"Ask yourself, who did you help today?" So says Wellington lawyer Stacey Shortall, who was one of the winners of the 2015 Women of Influence Awards.
A Wellington-based partner of Minter Ellison Rudd Watts, Ms Shortall won the Westpac Community and Not-for-Profit Award. The awards were presented at a gala dinner at SkyCity, Auckland on 4 November 2015.
Ms Shortall stood out because of her contribution and influence in the lives of disadvantaged children, the award judges said.
While based in New York, Ms Shortall worked as a volunteer lawyer in many New York State prisons.
On her return to New Zealand she developed a programme that seeks to help mothers incarcerated at Auckland Region Women's Corrections Facility maintain meaningful connections with their children.
She also developed a weekly homework club at a decile one school in Wellington where primary school children are assisted with their homework and provided access to different role models.
She continues to develop other initiatives intended to help stop violence against women and children and provides thought leadership by writing and speaking on topics such as diversity and women's rights.
"I am truly humbled to be recognised in this way," Ms Shortall said upon receiving her award.
"There are so many other amazing people active in our communities seeking to influence for good. It is wonderful that awards such as this exist to shine the light of some of those efforts.
"I ask my kids over dinner each night who they have helped today. If over four million of us could answer that question positively, imagine the movement we could create in this country.
"Being publicly recognised is a great honour and one I dedicate to the women and girls I have had the privilege of helping at home and abroad.
"But what matters most is what we do when no one is watching," Ms Shortall says. "And I believe we can and must do more, especially for our children. Who have you helped today?"
"Stacey is a person that inspires us all," Minter Ellison Rudd Watts Chair Cathy Quinn says. "Not only is she a terrific lawyer, she is someone who looks to make a positive difference wherever she can.
"Her generosity in the workplace and in the community is awesome. All the finalists are women [who are] going out of their way to improve the lives of others. We are delighted that amongst this group of superb women Stacey was selected as this year's winner.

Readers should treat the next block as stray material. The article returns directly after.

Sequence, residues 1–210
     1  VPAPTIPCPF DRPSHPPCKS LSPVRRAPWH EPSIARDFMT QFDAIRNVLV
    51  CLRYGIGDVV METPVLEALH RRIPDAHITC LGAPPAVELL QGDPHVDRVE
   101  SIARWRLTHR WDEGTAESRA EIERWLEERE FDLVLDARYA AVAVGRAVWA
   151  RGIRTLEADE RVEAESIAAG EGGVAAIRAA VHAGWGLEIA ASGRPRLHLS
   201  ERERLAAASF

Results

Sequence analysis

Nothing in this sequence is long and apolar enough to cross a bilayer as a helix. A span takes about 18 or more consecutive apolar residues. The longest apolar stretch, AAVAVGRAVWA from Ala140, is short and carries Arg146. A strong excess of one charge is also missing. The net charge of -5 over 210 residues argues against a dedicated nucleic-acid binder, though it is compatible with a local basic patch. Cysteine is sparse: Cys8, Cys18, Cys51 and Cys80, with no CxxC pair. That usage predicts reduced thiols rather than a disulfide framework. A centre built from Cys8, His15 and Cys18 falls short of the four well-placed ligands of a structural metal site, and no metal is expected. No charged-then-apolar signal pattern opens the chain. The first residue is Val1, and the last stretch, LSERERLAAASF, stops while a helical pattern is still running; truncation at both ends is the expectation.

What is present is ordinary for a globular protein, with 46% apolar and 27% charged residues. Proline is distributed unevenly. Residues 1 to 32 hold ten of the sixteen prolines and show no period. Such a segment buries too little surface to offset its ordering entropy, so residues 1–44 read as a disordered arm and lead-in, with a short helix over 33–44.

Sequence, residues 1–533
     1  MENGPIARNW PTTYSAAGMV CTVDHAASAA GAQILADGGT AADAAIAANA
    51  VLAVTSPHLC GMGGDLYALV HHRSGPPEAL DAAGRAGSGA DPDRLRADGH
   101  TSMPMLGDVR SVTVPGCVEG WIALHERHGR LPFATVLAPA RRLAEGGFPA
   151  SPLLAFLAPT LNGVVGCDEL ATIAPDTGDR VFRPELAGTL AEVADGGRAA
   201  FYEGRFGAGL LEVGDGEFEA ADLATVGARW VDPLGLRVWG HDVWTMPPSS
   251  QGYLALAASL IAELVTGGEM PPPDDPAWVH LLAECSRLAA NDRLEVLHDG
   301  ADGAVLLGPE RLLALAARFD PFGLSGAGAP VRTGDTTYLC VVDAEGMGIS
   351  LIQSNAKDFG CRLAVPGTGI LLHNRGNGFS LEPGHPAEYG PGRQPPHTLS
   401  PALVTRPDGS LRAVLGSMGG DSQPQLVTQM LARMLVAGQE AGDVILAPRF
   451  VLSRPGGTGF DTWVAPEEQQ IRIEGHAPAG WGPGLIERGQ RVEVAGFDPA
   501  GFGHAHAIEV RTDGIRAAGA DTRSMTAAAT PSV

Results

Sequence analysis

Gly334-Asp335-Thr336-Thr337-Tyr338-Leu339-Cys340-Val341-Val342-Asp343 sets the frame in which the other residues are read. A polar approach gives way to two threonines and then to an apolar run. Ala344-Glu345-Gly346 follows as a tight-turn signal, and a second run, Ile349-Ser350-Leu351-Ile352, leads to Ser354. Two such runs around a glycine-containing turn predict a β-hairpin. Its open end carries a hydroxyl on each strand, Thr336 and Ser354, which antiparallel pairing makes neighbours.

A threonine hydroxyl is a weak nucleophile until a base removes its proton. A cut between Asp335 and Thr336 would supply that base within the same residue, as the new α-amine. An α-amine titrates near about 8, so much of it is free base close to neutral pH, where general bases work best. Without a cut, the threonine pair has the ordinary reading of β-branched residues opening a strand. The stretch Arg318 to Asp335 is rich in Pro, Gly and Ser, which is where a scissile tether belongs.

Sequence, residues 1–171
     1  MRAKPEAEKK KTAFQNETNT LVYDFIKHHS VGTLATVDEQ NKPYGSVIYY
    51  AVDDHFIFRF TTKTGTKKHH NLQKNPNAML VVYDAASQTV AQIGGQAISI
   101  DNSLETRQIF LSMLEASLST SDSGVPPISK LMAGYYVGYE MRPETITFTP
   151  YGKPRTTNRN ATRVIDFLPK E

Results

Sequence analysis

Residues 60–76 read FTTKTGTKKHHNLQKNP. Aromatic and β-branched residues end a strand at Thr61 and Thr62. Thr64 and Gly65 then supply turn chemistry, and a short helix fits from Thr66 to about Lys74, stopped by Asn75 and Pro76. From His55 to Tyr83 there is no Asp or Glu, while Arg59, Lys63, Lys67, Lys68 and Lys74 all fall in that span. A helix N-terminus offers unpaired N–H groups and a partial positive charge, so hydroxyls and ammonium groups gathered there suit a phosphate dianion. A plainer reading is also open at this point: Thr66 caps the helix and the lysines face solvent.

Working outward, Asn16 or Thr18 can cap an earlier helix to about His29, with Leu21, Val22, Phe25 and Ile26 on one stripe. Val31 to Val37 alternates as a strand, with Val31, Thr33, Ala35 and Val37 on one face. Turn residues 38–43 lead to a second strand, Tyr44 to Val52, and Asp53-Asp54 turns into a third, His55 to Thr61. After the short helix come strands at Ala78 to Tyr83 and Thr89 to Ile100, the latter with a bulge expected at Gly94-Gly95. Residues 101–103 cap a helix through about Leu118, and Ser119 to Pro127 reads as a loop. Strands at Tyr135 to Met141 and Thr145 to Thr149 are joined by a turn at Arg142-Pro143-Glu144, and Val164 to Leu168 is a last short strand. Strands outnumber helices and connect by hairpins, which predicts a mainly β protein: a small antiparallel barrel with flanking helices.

Brilliant role model
"We are very proud of what Stacey continues to achieve and that we have such a brilliant role model in our firm. We look to support Stacey's work in the community and are incredibly proud to have her as our colleague," Ms Quinn says.
Aside from her pro bono work, Ms Shortall has broad experience successfully representing financial institutions, other corporate clients, public sector entities, and directors and officers in significant litigation and regulatory matters.
She has advised in complex disputes and investigations involving contractual breaches, the exercise of statutory powers, misleading statements and omissions, insurance cover, fraud, accounting improprieties, bid-rigging, money laundering, tax abnormalities, health and safety violations, fair trading concerns, construction issues, food safety and medical matters.
Ms Shortall has been recognised as a leading lawyer in New Zealand by independent research from Chambers, The APL 500, Legal Media Group and NZ Lawyer.
She is also, and most importantly, the mother of three young children.
Ms Shortall will feature as one of the presenters at next year's Women in Law – Career by Design Conference. Organised by NZLS CLE Ltd, this conference will run in Auckland on 11 April and Wellington on 12 April. The Wellington event will also be webstreamed.
Ms Shortall will be one of three presenters at a session entitled Shifting the Paradigm: it can be done. The session will look at practical steps for improving law firm culture for women.